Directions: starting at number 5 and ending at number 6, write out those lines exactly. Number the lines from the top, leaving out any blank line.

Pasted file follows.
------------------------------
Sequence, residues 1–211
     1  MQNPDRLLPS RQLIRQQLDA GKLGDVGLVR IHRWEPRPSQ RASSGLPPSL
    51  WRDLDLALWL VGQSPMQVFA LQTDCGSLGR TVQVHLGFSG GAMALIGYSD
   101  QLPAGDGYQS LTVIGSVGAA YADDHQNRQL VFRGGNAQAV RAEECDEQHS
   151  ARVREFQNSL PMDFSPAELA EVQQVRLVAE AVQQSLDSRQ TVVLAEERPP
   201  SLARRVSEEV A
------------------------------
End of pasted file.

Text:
   151  ARVREFQNSL PMDFSPAELA EVQQVRLVAE AVQQSLDSRQ TVVLAEERPP
   201  SLARRVSEEV A